Not Taking Responsibility for Our Actions Goes Way Back
We often shake our heads in dismay over people who refuse to admit when they have done something wrong. Instead they want to blame others. They refuse to take responsibility for their mistakes. This is not a new development. Even Moses, who spoke to God face-to-face, had this problem.
Moses blames the people for what he did wrong.
Here’s his story.
After Moses leads God’s people out of Egypt into the desert, they’re thirsty. They clamor for water. God tells Moses to go to a rock and speak to it. Then water will pour out of it for the people to drink.
Moses does go to the rock, and he does speak to it, but he also whacks it with his staff—something God didn’t tell him to do. God sees this as a lack of trust on Moses’s part. Because of Moses’s failure to completely obey God, he won’t let Moses enter the promised land (Numbers 20:2-12).
This seems a bit harsh, but that’s what God determined.
Moses Blames the People
Fast forward about forty years. God’s people are ready to enter the land he promised to give them. Moses has them ready to take the territory. They’re poised to move forward, camping at its border.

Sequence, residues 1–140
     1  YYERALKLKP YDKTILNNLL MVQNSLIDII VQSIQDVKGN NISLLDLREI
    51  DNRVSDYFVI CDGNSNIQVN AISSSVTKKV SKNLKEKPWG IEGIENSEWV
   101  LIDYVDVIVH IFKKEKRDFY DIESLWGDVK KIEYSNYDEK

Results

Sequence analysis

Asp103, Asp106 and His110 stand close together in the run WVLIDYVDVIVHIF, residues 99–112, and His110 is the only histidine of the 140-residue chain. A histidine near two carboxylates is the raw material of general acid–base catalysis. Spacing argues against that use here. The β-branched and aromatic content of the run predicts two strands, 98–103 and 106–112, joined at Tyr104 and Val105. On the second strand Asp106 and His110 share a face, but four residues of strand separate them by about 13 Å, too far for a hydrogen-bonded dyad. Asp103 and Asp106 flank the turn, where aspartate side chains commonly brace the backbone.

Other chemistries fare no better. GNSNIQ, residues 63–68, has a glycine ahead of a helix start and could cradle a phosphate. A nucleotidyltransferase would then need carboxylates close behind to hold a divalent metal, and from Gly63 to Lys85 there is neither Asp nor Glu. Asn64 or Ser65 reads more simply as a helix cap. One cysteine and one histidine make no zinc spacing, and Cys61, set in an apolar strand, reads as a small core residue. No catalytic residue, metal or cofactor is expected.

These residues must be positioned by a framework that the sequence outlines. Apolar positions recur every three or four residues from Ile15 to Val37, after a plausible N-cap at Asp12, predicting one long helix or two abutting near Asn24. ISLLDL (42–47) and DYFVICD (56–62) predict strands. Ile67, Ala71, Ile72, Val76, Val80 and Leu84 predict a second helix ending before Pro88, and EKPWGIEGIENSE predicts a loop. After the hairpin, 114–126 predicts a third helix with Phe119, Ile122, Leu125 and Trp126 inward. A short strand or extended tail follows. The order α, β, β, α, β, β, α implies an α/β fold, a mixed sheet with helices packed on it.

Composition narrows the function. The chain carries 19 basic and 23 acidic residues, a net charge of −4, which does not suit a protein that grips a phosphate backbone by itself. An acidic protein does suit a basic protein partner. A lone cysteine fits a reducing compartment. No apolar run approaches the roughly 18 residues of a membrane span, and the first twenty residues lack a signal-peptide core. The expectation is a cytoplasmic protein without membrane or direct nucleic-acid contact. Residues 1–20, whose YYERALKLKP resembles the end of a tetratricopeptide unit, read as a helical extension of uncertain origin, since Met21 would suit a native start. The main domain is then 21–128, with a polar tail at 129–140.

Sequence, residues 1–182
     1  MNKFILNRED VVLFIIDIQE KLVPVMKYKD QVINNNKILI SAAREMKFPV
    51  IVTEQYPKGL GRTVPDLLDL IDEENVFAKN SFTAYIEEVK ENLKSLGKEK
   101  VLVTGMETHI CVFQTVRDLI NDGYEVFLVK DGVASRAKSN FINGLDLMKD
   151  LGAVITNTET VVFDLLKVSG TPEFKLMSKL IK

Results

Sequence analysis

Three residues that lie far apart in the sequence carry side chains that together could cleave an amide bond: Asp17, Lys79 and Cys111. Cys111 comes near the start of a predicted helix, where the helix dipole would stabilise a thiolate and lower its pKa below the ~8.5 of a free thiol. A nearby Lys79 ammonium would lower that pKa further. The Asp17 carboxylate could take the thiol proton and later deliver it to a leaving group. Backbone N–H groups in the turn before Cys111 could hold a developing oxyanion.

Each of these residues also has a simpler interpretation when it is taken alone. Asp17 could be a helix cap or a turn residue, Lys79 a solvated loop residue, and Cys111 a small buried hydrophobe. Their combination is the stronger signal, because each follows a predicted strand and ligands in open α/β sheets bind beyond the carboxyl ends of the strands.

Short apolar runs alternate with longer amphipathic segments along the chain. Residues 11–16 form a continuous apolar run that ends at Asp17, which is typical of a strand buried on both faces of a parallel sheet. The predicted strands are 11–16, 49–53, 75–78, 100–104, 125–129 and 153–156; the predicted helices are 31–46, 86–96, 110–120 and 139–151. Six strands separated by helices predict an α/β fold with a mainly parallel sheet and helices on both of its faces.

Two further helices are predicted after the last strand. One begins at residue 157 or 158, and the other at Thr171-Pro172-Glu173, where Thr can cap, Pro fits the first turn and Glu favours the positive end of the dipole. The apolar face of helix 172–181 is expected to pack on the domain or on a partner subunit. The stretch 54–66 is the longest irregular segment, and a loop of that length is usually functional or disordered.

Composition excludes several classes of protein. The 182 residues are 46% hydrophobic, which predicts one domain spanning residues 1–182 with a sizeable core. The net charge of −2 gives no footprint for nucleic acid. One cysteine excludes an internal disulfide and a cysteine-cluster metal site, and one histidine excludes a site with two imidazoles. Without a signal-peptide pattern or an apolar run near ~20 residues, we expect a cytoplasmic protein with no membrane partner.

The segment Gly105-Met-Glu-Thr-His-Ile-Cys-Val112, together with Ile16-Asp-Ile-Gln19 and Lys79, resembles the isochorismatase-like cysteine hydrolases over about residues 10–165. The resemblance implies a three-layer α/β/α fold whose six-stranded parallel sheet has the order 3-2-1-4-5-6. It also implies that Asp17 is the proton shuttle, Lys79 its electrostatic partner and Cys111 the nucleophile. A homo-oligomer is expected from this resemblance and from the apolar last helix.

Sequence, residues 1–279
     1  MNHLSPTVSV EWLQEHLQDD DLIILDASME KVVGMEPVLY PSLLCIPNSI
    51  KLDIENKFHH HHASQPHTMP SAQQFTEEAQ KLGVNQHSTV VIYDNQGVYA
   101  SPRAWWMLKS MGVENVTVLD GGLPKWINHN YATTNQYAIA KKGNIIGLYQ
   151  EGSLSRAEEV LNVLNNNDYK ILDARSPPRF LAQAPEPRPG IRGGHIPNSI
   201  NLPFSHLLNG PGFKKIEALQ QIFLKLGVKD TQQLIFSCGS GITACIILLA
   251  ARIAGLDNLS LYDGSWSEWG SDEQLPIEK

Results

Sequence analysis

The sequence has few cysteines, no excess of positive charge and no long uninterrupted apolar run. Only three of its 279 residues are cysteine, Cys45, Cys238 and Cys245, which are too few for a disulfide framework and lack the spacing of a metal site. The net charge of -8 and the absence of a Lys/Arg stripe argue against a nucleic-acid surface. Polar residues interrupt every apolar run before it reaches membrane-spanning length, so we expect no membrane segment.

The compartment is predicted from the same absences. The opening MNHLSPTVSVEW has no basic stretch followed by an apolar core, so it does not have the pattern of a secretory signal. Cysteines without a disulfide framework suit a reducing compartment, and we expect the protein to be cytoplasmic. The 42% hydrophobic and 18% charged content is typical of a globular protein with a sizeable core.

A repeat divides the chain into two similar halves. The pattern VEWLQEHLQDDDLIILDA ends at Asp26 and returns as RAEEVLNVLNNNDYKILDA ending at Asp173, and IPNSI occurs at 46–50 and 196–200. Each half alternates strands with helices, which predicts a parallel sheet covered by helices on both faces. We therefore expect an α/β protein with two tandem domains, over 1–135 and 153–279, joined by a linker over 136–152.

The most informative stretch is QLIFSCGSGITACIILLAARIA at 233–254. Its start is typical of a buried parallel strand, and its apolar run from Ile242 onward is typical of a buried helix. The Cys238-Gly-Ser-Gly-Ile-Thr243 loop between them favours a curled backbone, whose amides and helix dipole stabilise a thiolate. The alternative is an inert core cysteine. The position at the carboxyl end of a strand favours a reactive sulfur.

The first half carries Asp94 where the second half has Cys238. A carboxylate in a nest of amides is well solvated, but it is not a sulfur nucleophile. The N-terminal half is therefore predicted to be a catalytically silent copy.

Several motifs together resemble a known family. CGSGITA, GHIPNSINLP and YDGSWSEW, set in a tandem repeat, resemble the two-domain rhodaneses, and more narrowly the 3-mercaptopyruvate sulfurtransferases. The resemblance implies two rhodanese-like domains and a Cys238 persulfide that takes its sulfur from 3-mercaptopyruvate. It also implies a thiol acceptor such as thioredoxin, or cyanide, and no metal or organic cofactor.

Moses then recaps what’s happened over the past four decades. He reminds them about their journey and reiterates some of the laws God gave them.
Then he tells them he won’t be going with them. Instead Joshua will lead them. Joshua will realize what Moses had hoped for, what he worked hard to achieve for forty years.
Moses is bitter over this. But instead of admitting he disobeyed God, that he sinned, he shifts the blame. He blames the people for his failure. He says, “It’s because of you, that God is angry with me” (Deuteronomy 3:26).
Yup, that’s right. Moses blames the people for his mistake.
Of course, playing the blame game didn’t start with Moses. It goes way back to the Garden of Eden. After Adam and Eve committed the first sin by disobeying God, their second sin was trying to shift blame.
Adam blamed Eve instead of admitting his own error, and Eve blamed the serpent instead of assuming responsibility for her role in committing the first sin.
Blaming other people for our actions is a moral shortcoming that is the result of sin. Failing to take responsibility for what we have done and pretend that someone else is at fault is another sin.
Repenting so that we may follow Jesus acknowledges our sin, our mistakes, our failures. To repent is to regret what we have done, to be sorry. But we can’t truly repent when we blame others for our mistakes.
Peter DeHaan writes about biblical Christianity to confront status quo religion and live a life that matters. He seeks a fresh approach to following Jesus through the lens of Scripture, without the baggage of made-up traditions and meaningless practices.